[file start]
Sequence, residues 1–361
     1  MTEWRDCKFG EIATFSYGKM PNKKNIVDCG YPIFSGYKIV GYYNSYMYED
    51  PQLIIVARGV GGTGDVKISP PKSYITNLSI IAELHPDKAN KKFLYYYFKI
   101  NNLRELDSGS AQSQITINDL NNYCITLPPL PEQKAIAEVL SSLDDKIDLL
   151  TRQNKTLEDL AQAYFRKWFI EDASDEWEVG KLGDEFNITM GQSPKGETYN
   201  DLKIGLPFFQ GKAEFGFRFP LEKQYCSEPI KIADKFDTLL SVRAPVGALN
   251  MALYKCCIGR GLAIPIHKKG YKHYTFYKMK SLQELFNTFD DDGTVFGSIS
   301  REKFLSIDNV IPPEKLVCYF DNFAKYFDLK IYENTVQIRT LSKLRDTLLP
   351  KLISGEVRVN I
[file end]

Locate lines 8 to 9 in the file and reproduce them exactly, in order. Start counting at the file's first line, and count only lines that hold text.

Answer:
   301  REKFLSIDNV IPPEKLVCYF DNFAKYFDLK IYENTVQIRT LSKLRDTLLP
   351  KLISGEVRVN I